On a journey to find the cure for a Tatarigami's curse, Ashitaka finds himself in the middle of a war between the forest gods and Tatara, a mining colony. In this quest he also meets San, the Mononoke Hime.
A high-school girl named Makoto acquires the power to travel back in time, and decides to use it for her own personal benefits. Little does she know that she is affecting the lives of others just as much as she is her own.
Told in three interconnected segments, we follow a young man named Takaki through his life as cruel winters, cold technology, and finally, adult obligations and responsibility converge to test the delicate petals of love.
While protecting his village from rampaging boar-god/demon, a confident young warrior, Ashitaka, is stricken by a deadly curse. To save his life, he must journey to the forests of the west. Once there, he's embroiled in a fierce campaign that humans were waging on the forest. The ambitious Lady Eboshi and her loyal clan use their guns against the gods of the forest and a brave young woman, Princess Mononoke, who was raised by a wolf-god. Ashitaka sees the good in both sides and tries to stem the flood of blood. This is met by animosity by both sides as they each see him as supporting the enemy.Written by
When Harvey Weinstein obtained the North-American distribution rights to Princess Mononoke, he approached director Hayao Miyazaki and insisted on a shorter version of the film that would be better attuned to American audiences. However, Miyazaki was still so upset by the heavily cut version of his Nausicaä of the Valley of the Wind (1984) (released as 'Warriors of the Wind') that he angrily left the meeting. Several days later, Studio Ghibli producer Toshio Suzuki sent a katana sword to Weinstein's office with 'NO CUTS' embedded into its blade. The film was later released in the USA in its uncut version. When asked about the incident in an interview, Miyazaki simply smiled and stated "I defeated him". See more »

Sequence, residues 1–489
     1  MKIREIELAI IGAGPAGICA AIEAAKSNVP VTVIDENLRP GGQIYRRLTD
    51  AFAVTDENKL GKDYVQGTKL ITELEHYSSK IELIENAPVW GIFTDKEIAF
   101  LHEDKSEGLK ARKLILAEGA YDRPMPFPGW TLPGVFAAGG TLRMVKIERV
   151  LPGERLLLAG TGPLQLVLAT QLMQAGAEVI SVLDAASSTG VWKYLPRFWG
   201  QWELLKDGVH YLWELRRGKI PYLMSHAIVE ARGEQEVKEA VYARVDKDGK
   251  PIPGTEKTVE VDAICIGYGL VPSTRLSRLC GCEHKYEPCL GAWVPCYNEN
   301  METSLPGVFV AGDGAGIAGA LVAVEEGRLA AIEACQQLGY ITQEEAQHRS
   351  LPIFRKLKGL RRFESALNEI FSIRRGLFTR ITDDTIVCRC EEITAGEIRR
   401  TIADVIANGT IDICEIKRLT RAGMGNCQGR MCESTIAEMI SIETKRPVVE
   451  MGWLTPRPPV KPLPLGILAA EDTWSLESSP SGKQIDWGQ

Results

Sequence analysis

When Ashitaka spots San for the first time at the river spitting out a mouthful of Moro no Kimi's blood from the bullet wound in her chest, the number of large wolf teeth on San's necklace changes from four, to three, back to four. See more »
In ancient times, the land lay covered in forests, where, from ages long past, dwelt the spirits of the gods. Back then, man and beast lived in harmony, but as time went by, most of the great forests were destroyed. Those that remained were guarded by gigantic beasts who owed their allegiances to the Great Forest Spirit. For those were the days of gods and of demons...
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The 2014 Blu-ray release uses the Disney logo, instead of the Miramax logo. See more »
Im a Big fan of Miyazaki... This movie is Definitely in his top 3...
Princess Mononoke's story is very in depth and it grabs your attention. Time after time. You may have to watch it a couple times to catch everything but you will fall in love with the characters and story every time you sit down to watch it
As for the art... Its Visually stunning yet again. Everything is depicted so well in Miyazaki's artwork from the humans to the Forest gods and everything in between
this definitely worth watching.
And if you like it you should definitely check out some of his others like Castle In The Sky, Howls Moving Castle and Spirited Away
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